SAN BENITO — The city’s proposed $14 million general fund budget would come with a $1 million street project and no tax hike amid a plan to borrow $9 million to fund a state-mandated sewer system overhaul.
Earlier this week, city commissioners approved the first reading of an ordinance setting the budget that includes proposed 3-percent employee pay increases and climbing sales tax revenues despite the economic crisis stemming from the coronavirus pandemic.
The proposed $14 million general fund budget compares to the current $13.2 million budget.
“ We’re in a pandemic — I think this is a reasonable budget,” City Manager Manuel De La Rosa told commissioners during the meeting Tuesday. “We’re going to have a surplus. A lot of that is fiscal conservative spending.”
As part of the proposed budget, officials plan a $1 million street overlay project.
Under his proposal, De La Rosa plans to pull $550,000 from the city’s $4 million reserve fund to bolster the city’s annual $450,000 street repair account to fund the $1 million project.
Meanwhile, the city’s reserve fund would give the city 120 days’ worth of back-up revenue to maintain operations during an emergency, he said.
Employee pay increase proposed
The proposed budget comes with money earmarked to fund 3-percent employee pay hikes, De La Rosa said.
However, commissioners, he said, will decide employees’ pay increases later this year.
Sales tax climbing despite pandemic
While many other cities struggle with sluggish sales tax revenue amid a slowdown in consumer spending stemming from the pandemic, the city’s bucking the trend.
Under the proposed budget, De La Rosa is projecting $3.5 million in sales tax revenue compared with the current collection of $3.3 million.
The city’s climbing sales tax collections are following a trend set at least a year ago.
Proposed capital expenses
As part of the proposed budget, the city is setting aside $150,000 for the purchase of five police cars while adding a police dispatcher to the payroll, earmarking $27,951 for the position, Finance Director Belen Peña said after the meeting.
New employees on payroll
Under the $4.1 million water production fund, the city plans to set aside $85,696 to fund four positions, each paying annual salaries of $21,424, at the city’s newest water plant.
Now, officials are preparing to re-open the plant built about 10 years ago after a previous administration shut it down in 2014 while it filed a lawsuit charging the plant didn’t properly operate.
During this summer’s budget workshops, De La Rosa called for a $30,000 water rate study.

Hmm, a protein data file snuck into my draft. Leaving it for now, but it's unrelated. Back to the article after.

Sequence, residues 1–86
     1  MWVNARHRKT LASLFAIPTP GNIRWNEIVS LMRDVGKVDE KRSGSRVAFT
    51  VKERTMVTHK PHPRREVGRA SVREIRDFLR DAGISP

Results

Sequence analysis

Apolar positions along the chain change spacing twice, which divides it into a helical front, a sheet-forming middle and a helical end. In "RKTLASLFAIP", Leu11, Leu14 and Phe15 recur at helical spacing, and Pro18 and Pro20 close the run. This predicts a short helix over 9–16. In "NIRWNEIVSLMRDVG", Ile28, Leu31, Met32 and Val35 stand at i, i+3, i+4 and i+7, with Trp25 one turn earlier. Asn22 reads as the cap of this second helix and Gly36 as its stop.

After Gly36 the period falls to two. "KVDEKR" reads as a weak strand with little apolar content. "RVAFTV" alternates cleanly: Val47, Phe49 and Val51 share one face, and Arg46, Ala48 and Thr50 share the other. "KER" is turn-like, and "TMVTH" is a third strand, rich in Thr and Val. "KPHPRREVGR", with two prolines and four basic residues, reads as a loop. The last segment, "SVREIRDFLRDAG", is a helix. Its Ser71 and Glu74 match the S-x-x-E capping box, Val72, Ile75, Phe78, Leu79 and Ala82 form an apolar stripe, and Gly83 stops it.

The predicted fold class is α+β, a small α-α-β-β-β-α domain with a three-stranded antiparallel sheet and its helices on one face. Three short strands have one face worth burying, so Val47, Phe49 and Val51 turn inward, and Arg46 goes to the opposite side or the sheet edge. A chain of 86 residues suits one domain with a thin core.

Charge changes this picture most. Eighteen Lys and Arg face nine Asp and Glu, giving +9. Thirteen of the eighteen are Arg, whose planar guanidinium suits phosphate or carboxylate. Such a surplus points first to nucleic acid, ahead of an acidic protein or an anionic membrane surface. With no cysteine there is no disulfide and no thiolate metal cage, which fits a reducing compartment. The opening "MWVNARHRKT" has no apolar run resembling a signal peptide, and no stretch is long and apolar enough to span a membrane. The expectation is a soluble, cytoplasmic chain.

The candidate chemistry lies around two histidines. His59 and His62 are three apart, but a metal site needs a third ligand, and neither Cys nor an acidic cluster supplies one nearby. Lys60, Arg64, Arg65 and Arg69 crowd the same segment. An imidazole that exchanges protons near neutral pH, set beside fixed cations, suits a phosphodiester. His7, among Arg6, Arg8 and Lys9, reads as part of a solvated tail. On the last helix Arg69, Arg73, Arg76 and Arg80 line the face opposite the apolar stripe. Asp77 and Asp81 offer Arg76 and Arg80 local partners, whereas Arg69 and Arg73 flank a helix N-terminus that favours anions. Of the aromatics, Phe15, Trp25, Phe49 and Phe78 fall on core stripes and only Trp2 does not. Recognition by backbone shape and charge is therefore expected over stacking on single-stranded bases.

At the time, he discussed boosting water rates to offset a water production fund shortfall of $880,022.
No tax hike amid bond issue
The proposed budget comes without a property tax hike.
Last month, commissioners unanimously voted to borrow $9 million through the sale of certificates of obligation to fund a state-mandated sewer system upgrade as the clock ticks toward the project’s March 2023 deadline.
For 10 years, the Texas Commission on Environmental Quality has warned the city faces severe fines and corrective action if it fails to complete the project by the deadline.
For about two years, officials have braced for the project to force the city’s 72-cent property tax rate to climb by as much as three cents.
But under the city’s finance plan, property owners won’t face a tax hike.
However, officials might consider a water rate hike as early as next year.
As part of the finance plan aimed at saving about $500,000, the city is refinancing about $9.9 million in bonds dating back to 2011 and 2015, now carrying interest rates ranging from 2.42 percent to about 4 percent.
Meanwhile, the city’s Economic Development Corporation is considering earmarking $137,000 to help pay off debt as it completes its annual payments on the city’s 20-year-old police station.
As part of the overall $9 million project, $7 million will fund construction of six sewer lift stations to comply with the TCEQ order, $700,000 will fund the purchase of a fire truck and other equipment and $1 million will help fund other water and sewer projects. The bond package also includes the purchase of a $300,000 excavator.
Last year, commissioners borrowed $1.5 million through the sale of certificates of obligation to fund the planning and design phase of the project to rebuild the sewer lift stations.
For about 10 years, the multimillion-dollar sewer system overhaul has loomed over one of Texas’ poorest cities.
As part of a 2012 agreement, the Texas Commission on Environmental Quality is requiring the city upgrade its sewer system by March 2023 or face severe fines and corrective action as a result of sewer spills about 10 years ago
In October 2012, the city entered into an agreement with TCEQ to participate in its Sanitary Sewer Overflow Initiative program following a series of sewage spills near the Arroyo Colorado totaling 49,000 gallons from November 2009 to January 2010.
As part of an agreement, the state waived penalties, ordering the city to upgrade its sewer system by March 2023 or face severe fines and corrective action.